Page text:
Sulforaphane is a compound within the isothiocyanate group of organosulfur compounds. It is obtained from cruciferous vegetables such as broccoli, Brussels sprouts, and cabbages.
- What is Sulforaphane?
- Potential health benefits of Sulforaphane
- Sulforaphane-Rich Foods
- What Are Cruciferous Vegetables?
- Broccoli Sprouts: The Ultimate Cruciferous Vegetable for Sulforaphane
- Broccoli Sprouts
- How to Grow Your Own Broccoli Sprouts
- How Much Sulforaphane Do You Need?
- Sulforaphane as Part of a Healthy Diet
- More information on sulforaphane
- Sulforaphane rich recipes
- How do I get my sulforaphane?
- Learn more about plant-based superfoods
I was first introduced to sulforaphane about a year ago. It has been so fascinating learning all about these phytonutrients.
Many people know all about the macro-nutrients (protein, carbs, fat), but what about the phytonutrients? There is so much to explore beyond what the eye can see. Let's discover more about phytonutrients.
I only began to enjoy broccoli in my 20s, it was one of the many vegetables my Mum tried to coax me to eat as a kid. It finally paid off - thank you, Mum!
We all know how difficult it is to get kids (and adults!) to eat their greens and vegetables. I believe the more we actually realize how good they are for us, and how delicious they can be, we really start to enjoy and appreciate them more.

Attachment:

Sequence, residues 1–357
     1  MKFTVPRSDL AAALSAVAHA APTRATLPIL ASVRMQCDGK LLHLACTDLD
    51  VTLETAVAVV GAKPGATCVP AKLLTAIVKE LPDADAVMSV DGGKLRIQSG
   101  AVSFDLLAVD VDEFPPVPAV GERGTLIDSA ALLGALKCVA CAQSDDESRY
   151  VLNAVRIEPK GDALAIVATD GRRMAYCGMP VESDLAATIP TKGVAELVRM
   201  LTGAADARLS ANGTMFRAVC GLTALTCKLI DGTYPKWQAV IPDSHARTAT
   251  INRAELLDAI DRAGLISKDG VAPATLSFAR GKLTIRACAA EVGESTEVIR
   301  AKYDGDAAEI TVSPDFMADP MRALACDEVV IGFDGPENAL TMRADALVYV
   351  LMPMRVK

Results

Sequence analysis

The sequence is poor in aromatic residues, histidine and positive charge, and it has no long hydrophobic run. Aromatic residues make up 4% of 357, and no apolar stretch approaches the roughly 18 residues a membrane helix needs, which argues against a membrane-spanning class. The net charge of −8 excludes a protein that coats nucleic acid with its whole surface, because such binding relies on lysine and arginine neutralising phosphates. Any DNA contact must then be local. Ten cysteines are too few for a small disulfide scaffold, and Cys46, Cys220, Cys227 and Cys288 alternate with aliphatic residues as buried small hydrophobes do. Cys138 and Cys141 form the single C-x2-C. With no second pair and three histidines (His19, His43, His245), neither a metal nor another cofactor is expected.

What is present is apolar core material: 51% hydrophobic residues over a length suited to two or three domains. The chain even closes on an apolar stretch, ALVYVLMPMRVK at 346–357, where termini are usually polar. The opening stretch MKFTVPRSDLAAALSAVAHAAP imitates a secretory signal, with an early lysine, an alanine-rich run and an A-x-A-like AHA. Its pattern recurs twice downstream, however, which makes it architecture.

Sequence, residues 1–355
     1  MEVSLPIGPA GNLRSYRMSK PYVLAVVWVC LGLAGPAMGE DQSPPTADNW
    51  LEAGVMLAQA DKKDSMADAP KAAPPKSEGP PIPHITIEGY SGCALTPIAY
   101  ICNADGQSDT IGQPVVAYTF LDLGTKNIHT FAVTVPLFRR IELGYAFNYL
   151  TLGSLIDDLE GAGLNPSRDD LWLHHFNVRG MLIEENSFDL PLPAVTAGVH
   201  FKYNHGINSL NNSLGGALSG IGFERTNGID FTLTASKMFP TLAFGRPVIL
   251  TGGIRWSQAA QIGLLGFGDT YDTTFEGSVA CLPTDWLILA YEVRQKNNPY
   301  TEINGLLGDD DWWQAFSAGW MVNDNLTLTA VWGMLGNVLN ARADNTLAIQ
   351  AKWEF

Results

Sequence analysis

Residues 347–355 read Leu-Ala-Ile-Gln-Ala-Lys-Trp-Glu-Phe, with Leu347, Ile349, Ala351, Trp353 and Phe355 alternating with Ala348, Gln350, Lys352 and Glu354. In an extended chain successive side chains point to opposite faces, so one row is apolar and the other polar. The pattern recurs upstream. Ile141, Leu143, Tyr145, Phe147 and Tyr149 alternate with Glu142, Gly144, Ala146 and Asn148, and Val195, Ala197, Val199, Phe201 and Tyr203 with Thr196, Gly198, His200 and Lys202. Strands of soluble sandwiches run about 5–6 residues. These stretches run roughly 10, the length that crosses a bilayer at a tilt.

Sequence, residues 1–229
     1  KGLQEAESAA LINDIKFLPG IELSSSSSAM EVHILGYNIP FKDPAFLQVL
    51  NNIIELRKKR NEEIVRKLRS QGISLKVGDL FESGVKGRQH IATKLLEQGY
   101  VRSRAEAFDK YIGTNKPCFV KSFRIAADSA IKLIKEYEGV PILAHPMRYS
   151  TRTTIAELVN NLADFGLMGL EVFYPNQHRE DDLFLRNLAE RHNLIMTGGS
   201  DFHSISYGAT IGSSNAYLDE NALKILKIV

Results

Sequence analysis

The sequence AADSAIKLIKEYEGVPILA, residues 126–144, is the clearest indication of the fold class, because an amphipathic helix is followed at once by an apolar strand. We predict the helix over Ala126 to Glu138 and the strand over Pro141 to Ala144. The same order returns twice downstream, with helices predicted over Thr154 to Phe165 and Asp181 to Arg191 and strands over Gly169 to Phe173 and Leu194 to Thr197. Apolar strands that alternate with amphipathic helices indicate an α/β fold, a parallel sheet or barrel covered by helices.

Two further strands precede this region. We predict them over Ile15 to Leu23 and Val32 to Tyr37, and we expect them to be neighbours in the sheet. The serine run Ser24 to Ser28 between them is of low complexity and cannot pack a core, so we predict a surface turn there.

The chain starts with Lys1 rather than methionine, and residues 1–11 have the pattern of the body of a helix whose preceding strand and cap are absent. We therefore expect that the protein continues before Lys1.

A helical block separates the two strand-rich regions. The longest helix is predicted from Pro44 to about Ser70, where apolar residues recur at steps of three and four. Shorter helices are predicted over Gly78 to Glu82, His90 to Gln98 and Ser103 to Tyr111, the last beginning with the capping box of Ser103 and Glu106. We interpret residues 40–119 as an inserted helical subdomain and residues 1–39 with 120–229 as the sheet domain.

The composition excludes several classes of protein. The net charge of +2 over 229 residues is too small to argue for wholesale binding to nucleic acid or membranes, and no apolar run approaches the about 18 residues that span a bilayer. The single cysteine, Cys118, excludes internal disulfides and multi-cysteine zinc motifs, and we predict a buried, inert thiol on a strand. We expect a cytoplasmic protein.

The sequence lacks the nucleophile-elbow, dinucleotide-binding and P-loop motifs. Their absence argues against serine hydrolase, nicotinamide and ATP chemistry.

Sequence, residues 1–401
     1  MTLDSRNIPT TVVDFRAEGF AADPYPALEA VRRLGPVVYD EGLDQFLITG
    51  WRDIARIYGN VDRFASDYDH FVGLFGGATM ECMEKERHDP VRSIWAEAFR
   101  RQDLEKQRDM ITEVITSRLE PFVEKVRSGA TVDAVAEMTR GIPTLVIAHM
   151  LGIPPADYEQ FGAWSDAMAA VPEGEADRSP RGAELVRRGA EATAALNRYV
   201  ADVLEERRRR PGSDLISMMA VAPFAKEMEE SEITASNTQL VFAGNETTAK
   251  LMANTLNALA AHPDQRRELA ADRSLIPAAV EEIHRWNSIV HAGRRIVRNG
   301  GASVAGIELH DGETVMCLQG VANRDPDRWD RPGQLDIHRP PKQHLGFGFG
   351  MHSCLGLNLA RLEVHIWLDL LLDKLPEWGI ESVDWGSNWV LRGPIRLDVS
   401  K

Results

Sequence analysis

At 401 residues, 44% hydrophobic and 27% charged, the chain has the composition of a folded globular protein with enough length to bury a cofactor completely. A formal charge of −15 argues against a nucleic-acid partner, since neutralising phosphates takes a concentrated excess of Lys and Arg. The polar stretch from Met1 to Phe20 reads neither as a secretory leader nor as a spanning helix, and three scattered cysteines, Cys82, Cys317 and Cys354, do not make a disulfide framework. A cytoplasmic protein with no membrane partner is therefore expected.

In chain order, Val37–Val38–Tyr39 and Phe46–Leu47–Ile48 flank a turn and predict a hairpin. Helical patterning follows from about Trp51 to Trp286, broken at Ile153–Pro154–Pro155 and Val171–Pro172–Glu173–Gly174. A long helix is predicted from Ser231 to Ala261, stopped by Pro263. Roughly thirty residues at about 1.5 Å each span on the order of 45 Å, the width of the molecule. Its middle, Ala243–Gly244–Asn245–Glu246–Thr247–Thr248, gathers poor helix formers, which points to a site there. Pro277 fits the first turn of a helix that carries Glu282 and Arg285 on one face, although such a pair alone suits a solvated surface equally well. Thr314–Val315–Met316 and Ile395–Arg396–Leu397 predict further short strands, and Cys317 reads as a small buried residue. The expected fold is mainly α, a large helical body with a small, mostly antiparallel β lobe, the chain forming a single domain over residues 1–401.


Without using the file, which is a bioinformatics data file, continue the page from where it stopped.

What is Sulforaphane?
Sulforaphane is a phytonutrient, which is a fancy word for “nutrient found in a plant.”
It functions as a powerful antioxidant, meaning it fights against and repairs the damage that occurs all the time in every cell in your body.
It’s also an isothiocyanate — a type of compound that’s synthesized from a precursor found in cruciferous vegetables, which are a part of the Brassica family.
When we say that broccoli or some other Brassica contains sulforaphane, that’s actually a slightly misleading statement. The vegetable technically contains the precursor, an isothiocyanate, which then converts to sulforaphane. But how does that work?
The isothiocyanate found in sulforaphane-generating vegetables is called glucoraphanin, a biologically active, sulfur-containing glucosinolate compound that gives them that strong smell and taste.
In nature, one of its main functions is to repel pests. The glucoraphanin remains stable until the plant is broken, such as by the cutting or chewing of an insect or animal.
Once that happens, the glucoraphanin comes in contact with an enzyme called myrosinase, which is stored in another compartment of the cell. Spurred on by access to myrosinase, our gut bacteria then convert glucoraphanin to sulforaphane.
Potential health benefits of Sulforaphane
As part of a healthy diet and lifestyle
- Protects the Gastrointestinal Tract(GI)
- Promotes Healthy Skin
- Improves Immune System Function
- Promotes Weight Loss
- Encourages Fully Body Detoxification
- Reduces Autoimmune/General Inflammation
- Promotes Hair Growth
- Supports Healthy Liver Function
- Combats Cancer
- Lowers Bad Cholesterol
- Reduces the Risk of Cardiovascular Disease
- Helps Control Diabetes
- Acts as an Antiviral
- Fights against Fungal and Bacterial Infections
- Slows Down Degenerative Disorders